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Nov 10 / Jonathan

FDR, the Great Depression, and Obama

Paul Krugman, on economic lessons to be learned from the Great Depression.

Franklin Delano Obama?

Suddenly, everything old is New Deal again. Reagan is out; F.D.R. is in. Still, how much guidance does the Roosevelt era really offer for today’s world?

The answer is, a lot. But Barack Obama should learn from F.D.R.’s failures as well as from his achievements: the truth is that the New Deal wasn’t as successful in the short run as it was in the long run. And the reason for F.D.R.’s limited short-run success, which almost undid his whole program, was the fact that his economic policies were too cautious.

Now, there’s a whole intellectual industry, mainly operating out of right-wing think tanks, devoted to propagating the idea that F.D.R. actually made the Depression worse. So it’s important to know that most of what you hear along those lines is based on deliberate misrepresentation of the facts. The New Deal brought real relief to most Americans.

That said, F.D.R. did not, in fact, manage to engineer a full economic recovery during his first two terms. This failure is often cited as evidence against Keynesian economics, which says that increased public spending can get a stalled economy moving. But the definitive study of fiscal policy in the ’30s, by the M.I.T. economist E. Cary Brown, reached a very different conclusion: fiscal stimulus was unsuccessful “not because it does not work, but because it was not tried.”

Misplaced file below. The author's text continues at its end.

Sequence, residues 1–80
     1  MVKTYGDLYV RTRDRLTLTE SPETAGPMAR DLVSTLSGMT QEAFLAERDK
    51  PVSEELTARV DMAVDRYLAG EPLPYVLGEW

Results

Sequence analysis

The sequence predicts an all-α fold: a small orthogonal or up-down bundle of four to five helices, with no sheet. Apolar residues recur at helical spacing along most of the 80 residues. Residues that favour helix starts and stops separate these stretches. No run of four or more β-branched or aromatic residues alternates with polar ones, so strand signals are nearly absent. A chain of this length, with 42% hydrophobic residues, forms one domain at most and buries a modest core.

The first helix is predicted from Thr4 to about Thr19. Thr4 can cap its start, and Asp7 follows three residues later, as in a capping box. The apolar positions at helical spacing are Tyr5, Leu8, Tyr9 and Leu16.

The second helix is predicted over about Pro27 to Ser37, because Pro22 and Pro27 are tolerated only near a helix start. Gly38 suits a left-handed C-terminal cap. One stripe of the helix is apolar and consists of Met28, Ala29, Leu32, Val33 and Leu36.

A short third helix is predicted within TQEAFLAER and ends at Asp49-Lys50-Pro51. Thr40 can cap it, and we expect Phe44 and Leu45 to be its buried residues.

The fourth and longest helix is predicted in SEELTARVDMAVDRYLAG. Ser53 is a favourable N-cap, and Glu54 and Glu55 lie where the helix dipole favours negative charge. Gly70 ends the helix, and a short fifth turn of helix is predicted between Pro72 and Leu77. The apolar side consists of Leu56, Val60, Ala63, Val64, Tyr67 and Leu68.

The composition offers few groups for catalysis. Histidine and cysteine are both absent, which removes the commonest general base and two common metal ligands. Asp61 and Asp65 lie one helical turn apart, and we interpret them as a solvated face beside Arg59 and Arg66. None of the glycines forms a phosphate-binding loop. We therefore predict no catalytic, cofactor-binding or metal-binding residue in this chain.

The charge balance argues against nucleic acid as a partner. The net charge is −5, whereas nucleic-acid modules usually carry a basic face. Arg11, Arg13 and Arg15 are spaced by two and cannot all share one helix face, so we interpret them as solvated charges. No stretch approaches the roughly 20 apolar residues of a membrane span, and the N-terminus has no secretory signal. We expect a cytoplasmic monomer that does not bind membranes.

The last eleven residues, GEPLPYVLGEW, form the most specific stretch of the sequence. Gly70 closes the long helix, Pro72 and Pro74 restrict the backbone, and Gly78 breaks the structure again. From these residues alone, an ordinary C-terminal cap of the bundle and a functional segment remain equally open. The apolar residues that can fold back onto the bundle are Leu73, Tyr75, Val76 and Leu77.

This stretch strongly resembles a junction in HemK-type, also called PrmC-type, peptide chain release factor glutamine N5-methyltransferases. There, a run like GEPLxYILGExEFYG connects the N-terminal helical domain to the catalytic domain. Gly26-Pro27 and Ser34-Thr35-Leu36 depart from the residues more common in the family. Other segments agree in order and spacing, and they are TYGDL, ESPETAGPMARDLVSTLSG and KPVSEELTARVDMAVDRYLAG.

What saved the economy, and the New Deal, was the enormous public works project known as World War II, which finally provided a fiscal stimulus adequate to the economy’s needs.

The economic lesson is the importance of doing enough. F.D.R. thought he was being prudent by reining in his spending plans; in reality, he was taking big risks with the economy and with his legacy. My advice to the Obama people is to figure out how much help they think the economy needs, then add 50 percent. It’s much better, in a depressed economy, to err on the side of too much stimulus than on the side of too little.

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